The Chambers Dictionary defines custody as the state of being detained by the police, arrested, or imprisoned. Violence is the use of force against another person with the intention of harming them. The harm could be either psychological, physical or in any other way.
Building on the above definitions, custodial violence means torture or other forms of violence committed against any person or group of people while they are in the custody of the police or a court. It is a punishable offence.
In this article, you will read about the meaning, types, causes and protection available against custodial violence in India.
Meaning of Custodial Violence
All forms of physical and psychological abuse inflicted on a person in police custody are referred to as custodial violence. The term custodial violence has not been defined under any law. However, as per the Law Commission of India, any criminal conduct by a public employee against an individual who has been arrested or detained and is in custody can be termed as custodial violence.
Custodial violence can take the form of illegal detention, wrongful arrest, victimisation of suspects, coerced information gathering, and any physical, psychological, and sexual abuse.
Types of Custodial Violence
There are three types of custodial violence:
1. Physical Violence
It refers to the use of physical force to cause injury or harm to the person in custody. This is the most common violence used by public officials.
2. Psychological Violence
It deals with the mental aspect of the person in custody. It may involve denying the victim necessities like food, water, sleep, or bathroom.
3. Sexual Violence
Any sexual act or attempt of sexual act using violence is known as sexual violence. This includes rape, sodomy, etc.
Causes of Increasing Custodial Violence
There are several reasons behind the increasing trend in custodial violence by public servants. Five of the prominent ones are:
1. Absence of Anti-Torture Law
The biggest cause of prevailing custodial violence in India is the absence of an anti-torture law.
2. No Fear in Police Officials
There is no fear in police officials of getting caught for violence because of the loopholes in the governmental system. As a result, it motivates them to use aggressive ways to gather information from the person in custody or punish their enemies.
3. Lack of Awareness Among the General Public
As most of the public is unaware of their rights, police officers feel empowered to continue using harsh methods to deal with them.
4. Lack of Proper Training
Another possible cause of custodial violence is inadequate training. The police officers lack the necessary training to handle suspects. Their emotional intelligence is not given enough consideration, and because it is unmonitored, they are more likely to act violently.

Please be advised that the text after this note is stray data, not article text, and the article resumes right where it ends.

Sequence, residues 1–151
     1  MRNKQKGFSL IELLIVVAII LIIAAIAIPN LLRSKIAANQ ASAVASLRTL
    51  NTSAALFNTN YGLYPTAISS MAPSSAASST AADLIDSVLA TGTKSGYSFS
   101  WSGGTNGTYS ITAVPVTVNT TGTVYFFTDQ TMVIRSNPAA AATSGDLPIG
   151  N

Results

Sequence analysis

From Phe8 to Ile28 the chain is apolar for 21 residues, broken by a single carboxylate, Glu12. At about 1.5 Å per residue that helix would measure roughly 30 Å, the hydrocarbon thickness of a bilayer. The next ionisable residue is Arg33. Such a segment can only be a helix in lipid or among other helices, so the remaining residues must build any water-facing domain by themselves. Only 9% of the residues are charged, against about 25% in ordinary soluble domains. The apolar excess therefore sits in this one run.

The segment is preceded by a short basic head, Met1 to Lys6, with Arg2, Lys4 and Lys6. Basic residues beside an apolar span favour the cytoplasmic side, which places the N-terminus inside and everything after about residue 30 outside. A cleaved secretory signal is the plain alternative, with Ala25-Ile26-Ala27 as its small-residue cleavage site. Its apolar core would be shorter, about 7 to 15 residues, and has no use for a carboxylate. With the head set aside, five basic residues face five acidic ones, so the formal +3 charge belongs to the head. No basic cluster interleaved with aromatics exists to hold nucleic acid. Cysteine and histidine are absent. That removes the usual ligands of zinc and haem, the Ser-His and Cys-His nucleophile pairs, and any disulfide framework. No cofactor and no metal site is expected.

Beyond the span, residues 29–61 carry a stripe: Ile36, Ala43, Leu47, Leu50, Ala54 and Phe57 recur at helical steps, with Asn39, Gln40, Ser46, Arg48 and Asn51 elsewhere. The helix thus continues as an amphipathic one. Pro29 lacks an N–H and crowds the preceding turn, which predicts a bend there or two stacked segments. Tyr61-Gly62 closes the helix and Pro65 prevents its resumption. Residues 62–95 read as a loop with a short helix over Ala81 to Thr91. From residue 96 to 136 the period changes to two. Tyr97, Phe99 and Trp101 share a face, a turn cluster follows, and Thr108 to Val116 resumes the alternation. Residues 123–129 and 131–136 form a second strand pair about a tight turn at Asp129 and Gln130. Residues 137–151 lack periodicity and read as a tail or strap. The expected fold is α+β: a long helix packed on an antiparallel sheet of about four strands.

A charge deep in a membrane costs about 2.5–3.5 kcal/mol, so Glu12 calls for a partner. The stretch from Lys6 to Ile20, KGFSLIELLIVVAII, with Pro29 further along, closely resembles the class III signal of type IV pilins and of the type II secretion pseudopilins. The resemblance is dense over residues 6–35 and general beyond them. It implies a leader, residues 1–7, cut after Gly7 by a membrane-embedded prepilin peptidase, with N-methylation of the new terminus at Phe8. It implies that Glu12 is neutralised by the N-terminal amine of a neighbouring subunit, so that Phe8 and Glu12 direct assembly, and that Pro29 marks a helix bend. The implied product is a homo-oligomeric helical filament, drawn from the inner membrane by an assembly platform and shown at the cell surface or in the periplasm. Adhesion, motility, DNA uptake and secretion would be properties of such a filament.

5. Huge Responsibility on the Police Officials
Lastly, they are under pressure to adopt quicker means to solve a case because of the huge workload on their shoulders. Under this pressure, some police officers resort to aggressive tactics to obtain information.
Protection Against Custodial Violence
The protection against custodial violence is provided under various existing laws of the country. Here are some of them.
The Constitution of India
Prisoners are guaranteed the same rights and dignity as other Indian citizens under the Constitution of India. Article 14 of the Indian Constitution guarantees equal treatment to the persons in custody.
Further, Article 20 of the Indian Constitution provides that a person should not be convicted for the same offence twice and that the person cannot be forced to be a witness against himself.
The National Human Rights Commission
The National Human Rights Commission gives comprehensive directions on pre-arrest, during-arrest, and post-arrest procedures in addition to the idea of enforcing these guidelines and directions.
The Code of Criminal Procedure
The 2009 amendment to section 41 of the Criminal Procedure Code added protections for people in custody in sections 41A, 41B, 41C, and 41D. The amendment ensures that interrogation-related arrests and detentions must have legal justifications and follow established procedures.
The Indian Evidence Act
A confession made by an accused to a police officer or while he is in jail cannot be used against them, according to section 25 and section 26 of the Indian Evidence Act. A magistrate must be present when a confession is made to the police officer to make it admissible.
The Indian Police Act
As per sections 9 and 27 of the Indian Police Act, 1949, a police officer who violates the law will be subject to punishment, suspension, and dismissal.
Torture and other types of violence done against an individual or group of individuals while they are in the custody of the police or a court are referred to as custodial violence. Custodial violence can be classified into three categories as physical, psychological and sexual violence. There are several reasons behind the increasing trend in custodial violence by police officers or officials that we mentioned above.
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